I'm gritting my teeth just thinking about it now, years later. That time was so frustrating! The pain was always there no matter what I or Chase did. The first 10 weeks of Chase's life he spent listening to me scream and curse when he nursed. Daddy's nerves must have been shot. He had to watch me writhe in pain all the time. No amount of cuddling, holding, rocking, singing, would calm Chase down. He wanted to be latched on 24/7. Thankfully, one day, the pain went away. I never figured out what was wrong. But my best guess? Inverted nipples. He really was sucking my nipples out. Heh.
Some things are worth fighting for. Worth digging in. Breastfeeding is one of those things. Each of our paths to Breastfeeding Mastery will be different (fantastic book for developing any skill beyond basic competency). But we will all have hurdles we need to overcome. It's important to know that you can overcome them. Like I have. Like so many other mom's have. If you're in a tough spot, buckle down and dig in! Read some breastfeeding books. Find support groups. Take care of yourself (drink lots of water, eat healthy nourishing foods). Approach the problem with the mindset that you will succeed. And keep in mind the solution may be time and practice.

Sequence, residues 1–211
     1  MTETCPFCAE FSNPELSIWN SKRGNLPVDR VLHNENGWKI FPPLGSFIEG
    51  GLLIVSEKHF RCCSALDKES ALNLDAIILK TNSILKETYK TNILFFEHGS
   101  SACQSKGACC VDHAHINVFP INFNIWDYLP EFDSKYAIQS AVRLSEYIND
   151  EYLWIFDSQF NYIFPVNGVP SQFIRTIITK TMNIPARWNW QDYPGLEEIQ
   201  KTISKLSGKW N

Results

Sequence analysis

Just got an email..
Wooo hooo! Right in time for world breast feeding week! That means I'll be doing a lot more of this
Any nursing mothers out there want to join me? :)
Balancing me time and everything else can be really hard. Not because I take too much me time. Quite the opposite. So many days I'm crabby because I don't take enough me time when I should.
But sometimes I can work in a little me time and still entertain Desmond. It's amazing how useful breastfeeding is!
Even after 3 and a half years of nursing I still have to remind myself.. Love your boobs. And if you don't, take comfort in knowing they will change. Again. And again. Wake up with voluptuous Ds; go to sleep with modest Bs. Growth spurt time? You may hit letters you never knew existed!
But don't feel self conscious about your changing boobs. Men love them. They do. My husband said the other day